Today’s topic is working on what really matters. Not every practice routine is created equal, nor is every exercise created equal. Some things are created for specialization, or detailed work. Not all causes have an equal effect. In this article I want to discuss the Pareto principle and give you some examples of how it benefits your musical practice.
The Pareto Principle states that 80% of the effects come from 20% of the causes. This means that for every 10 things that could possibly make you better, 2 of them will cover 80% of your growth. This is very good news. If we focus on the important stuff we will gain much greater improvement in a shorter time frame. I will give you an example of how the Pareto Principle works.
Consider baking a cake. It starts with mixing all the ingredients together and putting it in the oven. Once it is done cooking, icing is added all over the cake. the baker decides to decorate the cake with a guitar on top, getting every detail the guitar has. Once it is all done, what part took the most time? The details that went into making the icing look good, right? That did not make the cake much bigger though. 80% of the cake was finished with 20% of the time it took to finish the cake. There are many more examples in our world of how the Pareto Principle works.
My point is that you can get a large bulk of the information and skill you need to play music well with less work. If you focus on the important stuff, then it will be easy to gain success. If you start working on the decorative icing without the cake being baked first, you may not see any improvement at all. Making wise choices in the practice room can make great improvement in your skill.
The Pareto Principle is a valuable tool that reminds us to focus on what is important. If you are doing something and don’t see improvement then you may want to consider if it is really part of that 20% that makes the 80%. Time is limited and if you use it wisely you will get more from what time you spend than if you didn’t use it the best way. Best luck and have fun finding that 20%.
The Pareto Principle is like baking a cake with a guitar on it.
If you are looking into learning guitar, there are five things you can use to help you get the most out of it. The more of these ways you use the easier and faster you will be able to improve. This is not a magic pill though; you will get out of it what you put into it. So let’s go through the five things that will help you learn to play guitar.
First is finding a good private teacher. A person who is there one on one with you can be of great value. You can show you the direction you need to go and make sure you are not creating bad habits. Music teachers are a great way to learn to play guitar because they have been there in the shoes of the student before. They have worked hard to overcome the same problems you will face. A good teacher will allow you to progress in your studies easier and probably faster than without one.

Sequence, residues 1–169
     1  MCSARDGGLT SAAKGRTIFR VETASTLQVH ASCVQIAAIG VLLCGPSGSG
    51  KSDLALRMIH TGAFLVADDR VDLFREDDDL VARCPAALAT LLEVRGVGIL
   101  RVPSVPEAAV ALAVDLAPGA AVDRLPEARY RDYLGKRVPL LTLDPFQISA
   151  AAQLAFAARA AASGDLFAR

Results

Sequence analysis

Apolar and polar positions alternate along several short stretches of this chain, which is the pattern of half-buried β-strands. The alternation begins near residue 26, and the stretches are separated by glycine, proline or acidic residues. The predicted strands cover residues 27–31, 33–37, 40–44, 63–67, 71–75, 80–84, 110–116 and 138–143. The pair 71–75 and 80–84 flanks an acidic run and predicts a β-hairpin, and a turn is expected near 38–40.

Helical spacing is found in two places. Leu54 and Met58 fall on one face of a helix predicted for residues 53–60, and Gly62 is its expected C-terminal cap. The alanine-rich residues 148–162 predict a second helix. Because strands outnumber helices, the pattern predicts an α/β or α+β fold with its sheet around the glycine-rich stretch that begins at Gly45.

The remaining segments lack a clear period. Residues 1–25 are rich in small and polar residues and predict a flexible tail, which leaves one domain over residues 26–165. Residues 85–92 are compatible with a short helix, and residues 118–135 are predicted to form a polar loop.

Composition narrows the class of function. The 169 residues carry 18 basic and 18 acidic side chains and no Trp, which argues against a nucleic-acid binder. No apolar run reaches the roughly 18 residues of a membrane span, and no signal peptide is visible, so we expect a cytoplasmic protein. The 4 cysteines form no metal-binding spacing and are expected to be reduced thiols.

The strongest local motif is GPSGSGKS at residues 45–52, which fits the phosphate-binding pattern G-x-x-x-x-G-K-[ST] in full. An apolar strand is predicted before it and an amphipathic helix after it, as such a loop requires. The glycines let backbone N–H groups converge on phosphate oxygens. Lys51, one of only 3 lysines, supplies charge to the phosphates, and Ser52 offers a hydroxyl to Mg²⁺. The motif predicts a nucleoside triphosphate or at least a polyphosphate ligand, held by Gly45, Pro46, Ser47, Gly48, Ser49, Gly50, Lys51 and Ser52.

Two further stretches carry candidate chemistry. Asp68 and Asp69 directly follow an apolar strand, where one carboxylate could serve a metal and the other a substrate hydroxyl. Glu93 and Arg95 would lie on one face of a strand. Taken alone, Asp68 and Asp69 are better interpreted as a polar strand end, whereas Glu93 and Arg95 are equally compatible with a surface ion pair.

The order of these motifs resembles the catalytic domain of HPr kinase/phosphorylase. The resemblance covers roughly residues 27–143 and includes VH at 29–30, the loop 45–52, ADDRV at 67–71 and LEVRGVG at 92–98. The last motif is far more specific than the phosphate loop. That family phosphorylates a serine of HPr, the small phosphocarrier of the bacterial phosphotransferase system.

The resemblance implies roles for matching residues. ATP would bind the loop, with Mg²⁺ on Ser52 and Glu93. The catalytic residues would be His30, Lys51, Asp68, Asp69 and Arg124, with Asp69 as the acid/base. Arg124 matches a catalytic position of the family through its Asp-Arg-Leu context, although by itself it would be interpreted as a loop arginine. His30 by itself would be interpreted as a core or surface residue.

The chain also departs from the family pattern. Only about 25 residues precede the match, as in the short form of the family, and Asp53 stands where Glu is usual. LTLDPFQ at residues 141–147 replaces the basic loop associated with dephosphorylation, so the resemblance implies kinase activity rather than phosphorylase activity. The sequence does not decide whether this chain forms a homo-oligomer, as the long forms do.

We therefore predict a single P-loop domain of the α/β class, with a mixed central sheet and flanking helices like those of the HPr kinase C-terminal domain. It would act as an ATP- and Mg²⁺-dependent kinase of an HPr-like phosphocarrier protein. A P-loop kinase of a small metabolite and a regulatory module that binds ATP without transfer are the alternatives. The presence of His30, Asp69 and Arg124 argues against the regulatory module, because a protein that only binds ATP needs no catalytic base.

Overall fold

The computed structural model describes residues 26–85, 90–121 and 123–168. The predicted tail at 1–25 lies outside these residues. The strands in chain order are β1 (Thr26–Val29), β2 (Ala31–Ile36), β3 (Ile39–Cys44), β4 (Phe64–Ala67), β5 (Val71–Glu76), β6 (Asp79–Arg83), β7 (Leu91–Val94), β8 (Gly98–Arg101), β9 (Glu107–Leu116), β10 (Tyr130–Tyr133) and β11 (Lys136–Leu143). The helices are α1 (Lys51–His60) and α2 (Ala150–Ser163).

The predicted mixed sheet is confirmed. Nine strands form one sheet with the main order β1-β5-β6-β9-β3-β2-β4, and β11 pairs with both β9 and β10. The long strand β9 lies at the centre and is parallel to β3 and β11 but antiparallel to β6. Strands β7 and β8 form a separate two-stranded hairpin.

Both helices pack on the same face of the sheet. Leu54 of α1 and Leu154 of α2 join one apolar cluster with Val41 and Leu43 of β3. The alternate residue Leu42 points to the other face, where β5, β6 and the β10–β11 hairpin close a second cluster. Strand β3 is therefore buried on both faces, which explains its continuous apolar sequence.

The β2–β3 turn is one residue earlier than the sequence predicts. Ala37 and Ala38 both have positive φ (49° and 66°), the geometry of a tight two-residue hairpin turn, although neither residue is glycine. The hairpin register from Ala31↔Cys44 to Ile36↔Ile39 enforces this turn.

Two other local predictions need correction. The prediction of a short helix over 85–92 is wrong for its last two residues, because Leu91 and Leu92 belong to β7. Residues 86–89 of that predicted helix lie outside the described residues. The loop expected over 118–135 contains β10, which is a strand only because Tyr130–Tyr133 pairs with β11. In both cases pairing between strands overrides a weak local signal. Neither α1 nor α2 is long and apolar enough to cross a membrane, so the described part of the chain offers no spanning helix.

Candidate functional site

Second is to use books. Books are a great supplemental to learning. You cannot learn everything from a book, but they will help make you a well-rounded studied musician. Once you advance enough in your playing you will find books that are more specific toward just 1 technique. Books are there to help you fill gaps in your playing. They are just an overall good thing to use to supplement your learning. These cannot replace other things though. Something similar to books which are also helpful are instructional DVDs. Some are better than others, but these are helpful too.
Third is using the internet. When you come across something new in your private lessons or in a book you can use the internet to dig deeper. You can use blogs or videos sites to help you learn more about something. Beware you may come across some bad information on the internet, if you suspect this you can ask your teacher about it. You might come across different perspectives on a subject; this is a good thing because you will be alert to different thought processes. You may even learn something about the topic that you never knew before. The internet can be a great place to augment learning guitar.
Fourth is transcribing. I put this on here because a lot of people do not do this, but it is one of the most important things you can do to learn guitar fast. Of course this isn’t going to make you the next Wes Montgomery in a week, but this is a very useful learning tool. You will learn about theory and train your ear. Transcribing teaches you things that cannot be taught.
Last but not least is gig. Get out there and play live in front of people. You learn so much by playing with other musicians and being in front of an audience. Experience is one of those things that separate the boys from the men. Go share your talent and give someone a reason to enjoy music.
All of these are good tips to learn to play guitar. Keep in mind; you will get out of it what you put into it. You cannot take 1 of these suggestions and become a great guitarist; you should take several of these. On the other hand, you do not need to use every single one of these. If you find that you learn better one way than another than work with what helps you the most. Take these basic steps and have fun learning guitar!